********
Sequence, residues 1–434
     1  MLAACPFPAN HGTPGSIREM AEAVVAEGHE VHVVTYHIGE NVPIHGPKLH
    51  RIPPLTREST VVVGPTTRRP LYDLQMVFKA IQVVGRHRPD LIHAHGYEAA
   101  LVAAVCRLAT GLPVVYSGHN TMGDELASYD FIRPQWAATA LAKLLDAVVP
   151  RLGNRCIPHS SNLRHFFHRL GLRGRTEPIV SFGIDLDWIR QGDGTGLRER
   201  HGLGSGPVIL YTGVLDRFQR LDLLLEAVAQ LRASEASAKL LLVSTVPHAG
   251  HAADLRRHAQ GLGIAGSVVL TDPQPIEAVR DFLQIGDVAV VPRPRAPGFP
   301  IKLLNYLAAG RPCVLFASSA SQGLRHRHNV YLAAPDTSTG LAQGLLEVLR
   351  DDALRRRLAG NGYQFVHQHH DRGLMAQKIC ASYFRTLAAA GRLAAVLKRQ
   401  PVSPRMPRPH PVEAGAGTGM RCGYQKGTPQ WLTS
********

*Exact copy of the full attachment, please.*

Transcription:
Sequence, residues 1–434
     1  MLAACPFPAN HGTPGSIREM AEAVVAEGHE VHVVTYHIGE NVPIHGPKLH
    51  RIPPLTREST VVVGPTTRRP LYDLQMVFKA IQVVGRHRPD LIHAHGYEAA
   101  LVAAVCRLAT GLPVVYSGHN TMGDELASYD FIRPQWAATA LAKLLDAVVP
   151  RLGNRCIPHS SNLRHFFHRL GLRGRTEPIV SFGIDLDWIR QGDGTGLRER
   201  HGLGSGPVIL YTGVLDRFQR LDLLLEAVAQ LRASEASAKL LLVSTVPHAG
   251  HAADLRRHAQ GLGIAGSVVL TDPQPIEAVR DFLQIGDVAV VPRPRAPGFP
   301  IKLLNYLAAG RPCVLFASSA SQGLRHRHNV YLAAPDTSTG LAQGLLEVLR
   351  DDALRRRLAG NGYQFVHQHH DRGLMAQKIC ASYFRTLAAA GRLAAVLKRQ
   401  PVSPRMPRPH PVEAGAGTGM RCGYQKGTPQ WLTS